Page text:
fingolfin at thelinuxlink.net
Sun Aug 14 19:46:00 EDT 2005
On Sun, 14 Aug 2005, Ricardo SIGNES wrote:
> * Hanuman <fingolfin at thelinuxlink.net> [2005-08-14T14:33:54]
>> 1) vim's programming language is really hideous and the other bindings
>> are very bare in terms of the functionality they expose
> Do you see the expression on my face? That is the face of complete and
> utter agreement.
Well, no. Maybe if you had a digital camera.
> If Vim was, like Emacs, an application built in a special
> application-building environment that could be extended and leveraged...
> hlaghalgah! I'd probably switch to Emacs to use elisp, if I wasn't so
> accustomed to Vim. It would be a big exercise in yak shaving.
I was likewise heavily accustomed to Vim. But I made myself do Emacs
again strictly through willpower. I'm still not well-acquainted with
Emacs Lisp, but 90% of the customisation you need to get comfortable
with the editor is setq and adding lambda functions to hooks.
I can't say that I have my .emacs right now, but it's fairly short. The
custom interface makes things easier.
One big hurdle was actually the choice involved. With vi, vim stomps
every other vi's ass 95% of the time. With Emacs, you have GNU and
XEmacs. I personally can't stand XEmacs, for all the functionality.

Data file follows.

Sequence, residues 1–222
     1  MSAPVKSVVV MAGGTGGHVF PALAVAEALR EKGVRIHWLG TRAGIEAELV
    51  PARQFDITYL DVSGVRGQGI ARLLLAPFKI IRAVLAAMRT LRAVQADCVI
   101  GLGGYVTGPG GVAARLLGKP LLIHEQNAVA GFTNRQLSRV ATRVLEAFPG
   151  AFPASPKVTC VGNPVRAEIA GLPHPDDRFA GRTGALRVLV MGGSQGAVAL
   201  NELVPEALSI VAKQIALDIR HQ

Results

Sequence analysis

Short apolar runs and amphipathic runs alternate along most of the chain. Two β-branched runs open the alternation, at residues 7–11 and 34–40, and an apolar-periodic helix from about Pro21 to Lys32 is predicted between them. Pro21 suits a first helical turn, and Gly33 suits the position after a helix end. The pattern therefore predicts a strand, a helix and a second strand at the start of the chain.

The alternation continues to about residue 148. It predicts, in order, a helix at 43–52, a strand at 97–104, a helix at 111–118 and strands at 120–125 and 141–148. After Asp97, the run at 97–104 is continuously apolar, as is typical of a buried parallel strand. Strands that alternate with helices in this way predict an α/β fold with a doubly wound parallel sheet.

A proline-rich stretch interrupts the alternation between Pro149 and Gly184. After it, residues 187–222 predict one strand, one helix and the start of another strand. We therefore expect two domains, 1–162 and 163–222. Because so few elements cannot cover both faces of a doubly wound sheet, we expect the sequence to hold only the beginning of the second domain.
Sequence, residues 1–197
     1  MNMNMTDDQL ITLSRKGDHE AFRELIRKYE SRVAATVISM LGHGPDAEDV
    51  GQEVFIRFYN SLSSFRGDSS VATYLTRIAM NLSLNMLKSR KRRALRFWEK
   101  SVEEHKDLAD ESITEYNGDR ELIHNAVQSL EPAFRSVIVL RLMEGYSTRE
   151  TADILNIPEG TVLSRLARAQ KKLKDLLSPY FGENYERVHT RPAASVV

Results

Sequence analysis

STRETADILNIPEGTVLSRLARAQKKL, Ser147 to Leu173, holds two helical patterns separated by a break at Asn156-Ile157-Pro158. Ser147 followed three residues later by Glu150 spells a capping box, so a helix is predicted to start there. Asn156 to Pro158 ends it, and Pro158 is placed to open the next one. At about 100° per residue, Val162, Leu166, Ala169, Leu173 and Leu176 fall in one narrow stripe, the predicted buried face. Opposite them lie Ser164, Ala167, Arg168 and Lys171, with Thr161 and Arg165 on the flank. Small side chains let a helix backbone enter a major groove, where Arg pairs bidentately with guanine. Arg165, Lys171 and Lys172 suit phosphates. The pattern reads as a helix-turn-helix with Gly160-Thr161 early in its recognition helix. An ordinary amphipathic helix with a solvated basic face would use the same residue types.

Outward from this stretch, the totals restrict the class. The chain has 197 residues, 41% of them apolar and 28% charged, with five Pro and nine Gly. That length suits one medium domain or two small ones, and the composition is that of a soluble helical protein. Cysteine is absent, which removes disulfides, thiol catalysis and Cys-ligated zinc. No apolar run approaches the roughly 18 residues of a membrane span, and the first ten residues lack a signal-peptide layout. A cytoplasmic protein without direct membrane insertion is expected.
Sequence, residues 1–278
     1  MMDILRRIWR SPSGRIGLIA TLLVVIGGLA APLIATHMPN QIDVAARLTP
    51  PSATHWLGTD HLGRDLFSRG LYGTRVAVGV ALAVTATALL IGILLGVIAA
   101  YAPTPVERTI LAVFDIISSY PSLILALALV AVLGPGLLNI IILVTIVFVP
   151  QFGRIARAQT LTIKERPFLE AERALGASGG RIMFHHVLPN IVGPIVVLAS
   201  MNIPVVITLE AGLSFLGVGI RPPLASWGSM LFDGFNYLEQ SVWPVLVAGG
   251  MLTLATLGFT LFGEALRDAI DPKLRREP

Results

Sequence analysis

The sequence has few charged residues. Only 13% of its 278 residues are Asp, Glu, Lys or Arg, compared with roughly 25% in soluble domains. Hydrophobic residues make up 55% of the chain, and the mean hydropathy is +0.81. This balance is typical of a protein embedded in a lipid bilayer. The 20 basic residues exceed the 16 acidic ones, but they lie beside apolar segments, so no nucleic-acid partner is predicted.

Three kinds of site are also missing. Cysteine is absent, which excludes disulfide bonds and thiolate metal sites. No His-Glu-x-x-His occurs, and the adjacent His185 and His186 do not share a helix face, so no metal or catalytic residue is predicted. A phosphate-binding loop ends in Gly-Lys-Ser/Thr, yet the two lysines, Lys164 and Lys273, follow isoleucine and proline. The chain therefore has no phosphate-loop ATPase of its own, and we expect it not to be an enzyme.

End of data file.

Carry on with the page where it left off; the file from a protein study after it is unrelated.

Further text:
Yeah, it does come with better documentation, its own package system,
not entirely unlike Slackware or BSD, and all that but it's HIDEOUSLY
bloated and doesn't have the same degree of community support as Emacs
(IMO). You find a random Elisp file somewhere, and odds are it runs on
GNU Emacs. With GNU Emacs, I just grabbed the elisp manual, intlfonts,
and emacs-lisp-intro and I have a fairly complete package. Add w3 or
whatever else you want; it does just as good a job, with way less memory
usage. Does anyone really use /everything/ in those XEmacs 'sumo'
tarballs? Because if he does, then his hygiene must be really poor. No,
most of us install what we need and nothing else.
That reminds me of the Vector Emacs packages johnvan posted on my
behalf. They're set up so that the Emacs LISP files compile when you
install it. How awesome is that??
>> 2) Inferior Scheme mode kicks ass in Emacs. I teaching someone Scheme in
>> fact, so the addition of parentheses matching and word movement commands
>> to an interactive session of Guile is very important to me.
> Could you elaborate on this a little?
Well, it's all there. If I were to type in guile at the prompt, I would
have no special editing capabilities. The lack of parentheses matching
alone is enough to make me run it in inferior mode.
That's the beauty of Emacs' general pseudo terminal interface which
everyone seems to think is disgusting and bloated. Really, what could be
wrong with imparting all the Emacs keybinding, syntax hilighting, etc.
to a program which would otherwise not have it? When I describe it for
what it is, it doesn't sound so awful, eh?
>> 5) Moreover, learning the emacs keybindings makes you more efficient
>> with programs that use readline, which are usually set to behave like
>> emacs. I could make bash behave like vi, but see above. The only problem
>> is I have to learn to type C-a a in GNU screen.
> I got used to C-a a, but it seems that everyone else in the universe who
> uses screen and emacs remaps screen to use C-t or something.
I've been writing an article on screen for a website. That's why I kept
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